Monday, August 31, 2015

The 9th Annual Canadian Book Challenge - August Roundup (Sticky Post— Scroll down for most recent post)

1. Click on the icon above
2. Add a link to your review. (Please link to your specific review, not an entire webpage.)
3. Add your name and in parentheses the title of the book, such as John Mutford (Anne of Avonlea)
4. In the comment section below, tell me your grand total so far. (ex. "This brings me up to 1/13")

Also the first 9 people who reach 9 books read and reviewed can email me for the challenge can email and let me know. I will then put you in touch with Kyle Fleishman, author of Drink Dirt Eat Stone, who has generously donated 9 copies of his book. (It's the 9th annual challenge, after all.)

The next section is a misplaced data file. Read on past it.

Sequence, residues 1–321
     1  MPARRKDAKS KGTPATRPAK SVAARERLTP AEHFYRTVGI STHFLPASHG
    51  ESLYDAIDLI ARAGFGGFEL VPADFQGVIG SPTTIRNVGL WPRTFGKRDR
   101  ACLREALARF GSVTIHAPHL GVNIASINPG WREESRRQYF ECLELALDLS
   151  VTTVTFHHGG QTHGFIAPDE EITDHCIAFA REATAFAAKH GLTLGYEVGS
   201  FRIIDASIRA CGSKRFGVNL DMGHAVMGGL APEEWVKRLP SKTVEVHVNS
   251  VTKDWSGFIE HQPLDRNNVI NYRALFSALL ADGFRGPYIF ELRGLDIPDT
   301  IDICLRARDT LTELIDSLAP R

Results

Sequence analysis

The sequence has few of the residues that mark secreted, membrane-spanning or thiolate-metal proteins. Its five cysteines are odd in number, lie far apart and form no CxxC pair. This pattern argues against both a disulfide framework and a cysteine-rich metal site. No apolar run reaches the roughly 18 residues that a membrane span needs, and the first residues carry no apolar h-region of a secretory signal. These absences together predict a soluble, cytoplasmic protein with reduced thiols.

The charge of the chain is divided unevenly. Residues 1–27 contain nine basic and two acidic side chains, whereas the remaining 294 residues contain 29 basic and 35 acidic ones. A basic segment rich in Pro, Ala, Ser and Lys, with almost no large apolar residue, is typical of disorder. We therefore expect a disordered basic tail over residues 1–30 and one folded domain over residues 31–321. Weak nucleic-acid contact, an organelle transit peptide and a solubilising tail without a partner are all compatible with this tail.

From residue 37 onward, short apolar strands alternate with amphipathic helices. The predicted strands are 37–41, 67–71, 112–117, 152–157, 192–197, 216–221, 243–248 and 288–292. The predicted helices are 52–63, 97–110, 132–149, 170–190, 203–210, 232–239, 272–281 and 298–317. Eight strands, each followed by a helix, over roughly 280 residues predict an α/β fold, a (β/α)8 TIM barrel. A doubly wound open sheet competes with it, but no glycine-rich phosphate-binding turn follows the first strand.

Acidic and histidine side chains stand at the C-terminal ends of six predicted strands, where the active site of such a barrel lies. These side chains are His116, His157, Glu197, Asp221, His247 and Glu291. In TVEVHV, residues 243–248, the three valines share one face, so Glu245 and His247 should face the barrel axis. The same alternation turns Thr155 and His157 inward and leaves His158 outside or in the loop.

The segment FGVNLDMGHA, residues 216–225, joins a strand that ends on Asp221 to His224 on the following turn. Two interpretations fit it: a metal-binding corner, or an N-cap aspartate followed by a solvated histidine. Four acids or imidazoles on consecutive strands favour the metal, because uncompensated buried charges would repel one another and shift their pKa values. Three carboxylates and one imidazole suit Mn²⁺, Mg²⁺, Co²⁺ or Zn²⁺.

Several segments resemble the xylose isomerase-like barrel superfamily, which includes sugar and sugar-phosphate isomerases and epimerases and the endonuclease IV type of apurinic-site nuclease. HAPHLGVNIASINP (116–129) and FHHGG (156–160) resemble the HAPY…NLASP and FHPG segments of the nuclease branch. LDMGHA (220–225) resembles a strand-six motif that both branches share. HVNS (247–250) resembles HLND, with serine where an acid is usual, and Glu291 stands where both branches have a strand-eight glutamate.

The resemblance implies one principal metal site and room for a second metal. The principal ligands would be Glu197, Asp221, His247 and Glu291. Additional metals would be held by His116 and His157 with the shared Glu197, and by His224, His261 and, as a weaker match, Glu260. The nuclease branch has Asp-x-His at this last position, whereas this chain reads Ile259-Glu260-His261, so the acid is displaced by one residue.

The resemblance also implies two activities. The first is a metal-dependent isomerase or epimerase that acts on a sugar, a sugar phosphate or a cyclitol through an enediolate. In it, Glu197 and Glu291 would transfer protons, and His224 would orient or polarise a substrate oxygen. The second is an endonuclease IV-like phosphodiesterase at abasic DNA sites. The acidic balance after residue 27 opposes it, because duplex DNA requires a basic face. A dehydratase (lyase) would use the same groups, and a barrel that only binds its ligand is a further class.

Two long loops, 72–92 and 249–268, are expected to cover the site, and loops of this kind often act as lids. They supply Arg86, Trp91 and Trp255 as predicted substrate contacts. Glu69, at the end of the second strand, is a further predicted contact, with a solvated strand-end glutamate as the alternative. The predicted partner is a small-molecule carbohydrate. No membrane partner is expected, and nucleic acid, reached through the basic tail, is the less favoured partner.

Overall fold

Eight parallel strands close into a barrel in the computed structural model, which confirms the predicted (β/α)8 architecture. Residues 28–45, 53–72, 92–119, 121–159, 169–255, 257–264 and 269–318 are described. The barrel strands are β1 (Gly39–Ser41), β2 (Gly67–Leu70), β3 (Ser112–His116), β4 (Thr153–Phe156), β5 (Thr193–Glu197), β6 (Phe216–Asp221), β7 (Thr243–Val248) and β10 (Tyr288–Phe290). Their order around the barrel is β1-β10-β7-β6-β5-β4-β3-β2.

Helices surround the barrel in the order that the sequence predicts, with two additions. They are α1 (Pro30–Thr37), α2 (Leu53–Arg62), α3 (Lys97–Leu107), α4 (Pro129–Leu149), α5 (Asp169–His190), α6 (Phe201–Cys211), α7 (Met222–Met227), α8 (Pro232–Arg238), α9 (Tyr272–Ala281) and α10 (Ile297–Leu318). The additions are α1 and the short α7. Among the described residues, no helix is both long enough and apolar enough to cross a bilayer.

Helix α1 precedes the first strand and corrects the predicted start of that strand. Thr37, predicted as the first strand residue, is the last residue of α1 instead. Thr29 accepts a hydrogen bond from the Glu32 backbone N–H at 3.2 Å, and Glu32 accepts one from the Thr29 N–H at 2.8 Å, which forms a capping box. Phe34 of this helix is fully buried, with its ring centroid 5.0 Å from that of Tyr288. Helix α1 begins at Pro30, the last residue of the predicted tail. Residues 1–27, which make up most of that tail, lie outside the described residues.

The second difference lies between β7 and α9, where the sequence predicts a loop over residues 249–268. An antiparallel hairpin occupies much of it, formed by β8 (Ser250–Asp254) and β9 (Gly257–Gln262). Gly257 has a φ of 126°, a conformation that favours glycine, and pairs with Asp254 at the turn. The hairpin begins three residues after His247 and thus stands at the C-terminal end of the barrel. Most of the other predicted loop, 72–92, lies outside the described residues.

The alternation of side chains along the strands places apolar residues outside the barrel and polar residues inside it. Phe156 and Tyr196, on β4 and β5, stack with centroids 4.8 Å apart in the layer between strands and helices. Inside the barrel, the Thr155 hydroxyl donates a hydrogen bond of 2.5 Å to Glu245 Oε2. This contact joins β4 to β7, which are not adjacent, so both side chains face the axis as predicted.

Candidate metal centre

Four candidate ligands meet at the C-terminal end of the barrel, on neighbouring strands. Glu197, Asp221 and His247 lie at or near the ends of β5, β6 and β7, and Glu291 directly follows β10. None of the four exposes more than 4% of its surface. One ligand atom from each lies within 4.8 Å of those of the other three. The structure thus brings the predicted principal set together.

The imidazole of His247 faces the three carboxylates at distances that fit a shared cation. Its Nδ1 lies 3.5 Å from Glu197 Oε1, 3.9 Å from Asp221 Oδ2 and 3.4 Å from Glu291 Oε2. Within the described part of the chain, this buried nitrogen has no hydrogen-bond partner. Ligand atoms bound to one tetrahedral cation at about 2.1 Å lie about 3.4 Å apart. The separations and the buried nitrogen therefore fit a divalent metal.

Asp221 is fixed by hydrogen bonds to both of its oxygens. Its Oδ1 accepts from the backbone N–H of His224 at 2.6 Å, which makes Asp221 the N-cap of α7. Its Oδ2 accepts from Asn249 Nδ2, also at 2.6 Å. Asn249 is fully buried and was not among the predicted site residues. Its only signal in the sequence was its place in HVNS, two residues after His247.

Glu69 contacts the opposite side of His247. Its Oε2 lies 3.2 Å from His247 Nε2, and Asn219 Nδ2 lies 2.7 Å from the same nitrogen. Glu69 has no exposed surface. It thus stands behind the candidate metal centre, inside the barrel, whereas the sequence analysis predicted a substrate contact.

From the back cover:

Former Native Syndicate hitman and Gulf War hero Tristan Stonehorse walks out of Stony Mountain Penitentiary a free man for the first time in fourteen years. But Tristan owes. Kill one last man and he can put his violent past behind him and possibly mend the relationship with his grown daughter. If only things were that simple. When the job goes sideways, his would-be killers are dead and Tristan finds himself on the run with a group of highly skilled, anonymous killers trying to put him down for good. As he traverses the country he must do the one thing he hates most. Explore his own past. 

Evoking the gloomy violence of the early novels of Denis Johnson and Cormac McCarthy, Drink Dirt Eat Stone is a savagely beautiful novel about truth and transcendence, and one man’s journey to live down his past. It is a dark but lucid vision, a moving novel about the bleak reality of a world where the lowest common denominator of power is violence, and the winner is always the person who can wield it the most brutally.

Monday, August 03, 2015

Reader's Diary #1180- Jim Harrington: Just Another Day